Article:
In the context of these trends, the role of the HR function is also being questioned by employees. While HR has always straddled the line between employee advocacy and management support, it has historically been viewed as a “management” function – and employees, increasingly, are asking if the HR function can or will advocate for their interests and needs. Many employees have an increased focus on purpose, personal values, and living in alignment with both, which has implications for the work they do and what they expect from their employer. How will HR assure employees that their health, well-being, and psychological safety are of paramount concern to the company? Will HR understand and accept that employees want to bring their whole, authentic self into work—and will HR programs and policies foster a work environment that encourages this? Can HR credibly balance their employee advocacy and management support responsibilities?
As HR leaders begin to assess and plan their talent and workforce engagement strategies for the post-pandemic world, it will be important to address this misalignment in the perception of HR’s role. What steps can HR leaders consider?
Re-envision Employee Resource Groups (ERG) to provide a more expansive charter to enable ERG members to explore and advocate for a wider range of business and organizational topics, rather than be limited in scope of what the group can address.
Explore various shared governance models to allow for more employee input – or, having a “voice” – on a broad range of issues. Shared governance is a common and effective structure within healthcare, which promotes shared decision making by making employees accountable for decisions that impact policies and work practices at the point of care. How might non-healthcare companies explore this concept?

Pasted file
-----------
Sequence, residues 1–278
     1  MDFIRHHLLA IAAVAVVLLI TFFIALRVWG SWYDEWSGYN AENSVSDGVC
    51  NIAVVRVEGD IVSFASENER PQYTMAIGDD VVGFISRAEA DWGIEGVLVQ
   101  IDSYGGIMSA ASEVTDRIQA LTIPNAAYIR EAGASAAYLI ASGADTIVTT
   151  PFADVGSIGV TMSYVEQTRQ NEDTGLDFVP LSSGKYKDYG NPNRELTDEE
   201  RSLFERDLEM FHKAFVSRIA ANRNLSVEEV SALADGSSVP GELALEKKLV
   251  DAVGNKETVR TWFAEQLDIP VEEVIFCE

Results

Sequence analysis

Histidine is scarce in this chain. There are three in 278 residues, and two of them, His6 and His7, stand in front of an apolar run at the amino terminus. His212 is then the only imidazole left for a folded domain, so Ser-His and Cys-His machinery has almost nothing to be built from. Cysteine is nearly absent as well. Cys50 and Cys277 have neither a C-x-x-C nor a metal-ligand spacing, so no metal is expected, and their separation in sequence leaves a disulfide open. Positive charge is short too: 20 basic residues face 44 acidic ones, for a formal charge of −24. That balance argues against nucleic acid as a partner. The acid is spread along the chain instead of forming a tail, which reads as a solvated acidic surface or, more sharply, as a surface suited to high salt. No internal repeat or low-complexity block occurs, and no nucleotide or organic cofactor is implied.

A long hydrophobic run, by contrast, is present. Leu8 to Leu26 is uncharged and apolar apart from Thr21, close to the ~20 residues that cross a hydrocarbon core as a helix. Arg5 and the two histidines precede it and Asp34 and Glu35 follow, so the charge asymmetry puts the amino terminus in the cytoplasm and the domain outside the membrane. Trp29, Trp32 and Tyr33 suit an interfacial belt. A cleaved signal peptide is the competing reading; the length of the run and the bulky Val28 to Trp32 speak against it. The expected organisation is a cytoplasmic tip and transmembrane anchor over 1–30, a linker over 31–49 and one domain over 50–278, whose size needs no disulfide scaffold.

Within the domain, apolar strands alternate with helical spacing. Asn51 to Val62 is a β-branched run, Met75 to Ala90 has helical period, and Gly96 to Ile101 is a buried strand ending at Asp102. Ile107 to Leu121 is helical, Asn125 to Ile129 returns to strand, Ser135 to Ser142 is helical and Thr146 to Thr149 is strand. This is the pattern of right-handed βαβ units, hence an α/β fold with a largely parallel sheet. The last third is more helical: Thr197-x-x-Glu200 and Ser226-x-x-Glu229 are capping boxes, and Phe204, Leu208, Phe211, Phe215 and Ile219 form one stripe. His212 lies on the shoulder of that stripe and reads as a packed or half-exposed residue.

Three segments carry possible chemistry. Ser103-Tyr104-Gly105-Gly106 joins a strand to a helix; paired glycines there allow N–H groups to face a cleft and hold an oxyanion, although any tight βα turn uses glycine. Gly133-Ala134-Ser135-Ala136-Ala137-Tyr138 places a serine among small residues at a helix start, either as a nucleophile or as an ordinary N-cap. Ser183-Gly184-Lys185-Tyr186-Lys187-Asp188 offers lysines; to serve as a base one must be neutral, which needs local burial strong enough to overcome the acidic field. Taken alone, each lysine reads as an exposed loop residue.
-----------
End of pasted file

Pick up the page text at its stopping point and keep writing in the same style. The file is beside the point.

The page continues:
Acknowledge the blurring of lines between work and non-work issues and create a culture and work environment in which a broader range of issues are viewed as acceptable and appropriate for discussion.
Focus on cultivating empathy as a critical leadership skill. Empathy establishes trust, and establishing trust enables more productive working relationships. At a time when employees’ health and wellbeing concerns are heightened, an empathetic leader is a huge net plus.
Re-position the HR delivery model so that HR is viewed more neutrally by employees, allowing HR to step into the space of employee advocacy more credibly…. while retaining responsibility to act in the best interests of the organization. Consider, for example, the 2019 decision by the Business Roundtable to redefine the purpose of a corporation as one to serve all stakeholders, not just a narrow set of shareholders. This is a useful analogy as HR leaders think about how to allocate resources (i.e., HR staff, budget dollars, program support) to address the needs of both employee and leadership stakeholders.
The confluence of COVID-19, economic, and societal issues is a “sea change” moment that will fundamentally alter how employees want and expect to interact with their employers. And like any healthy, mutual relationship, it all starts with listening. Merriam-Webster defines hearing as “the process or power of perceiving a sound.” Listening, on the other hand, means “to hear something with thoughtful attention and to give consideration.” So, HR leaders – are you really listening to your employees?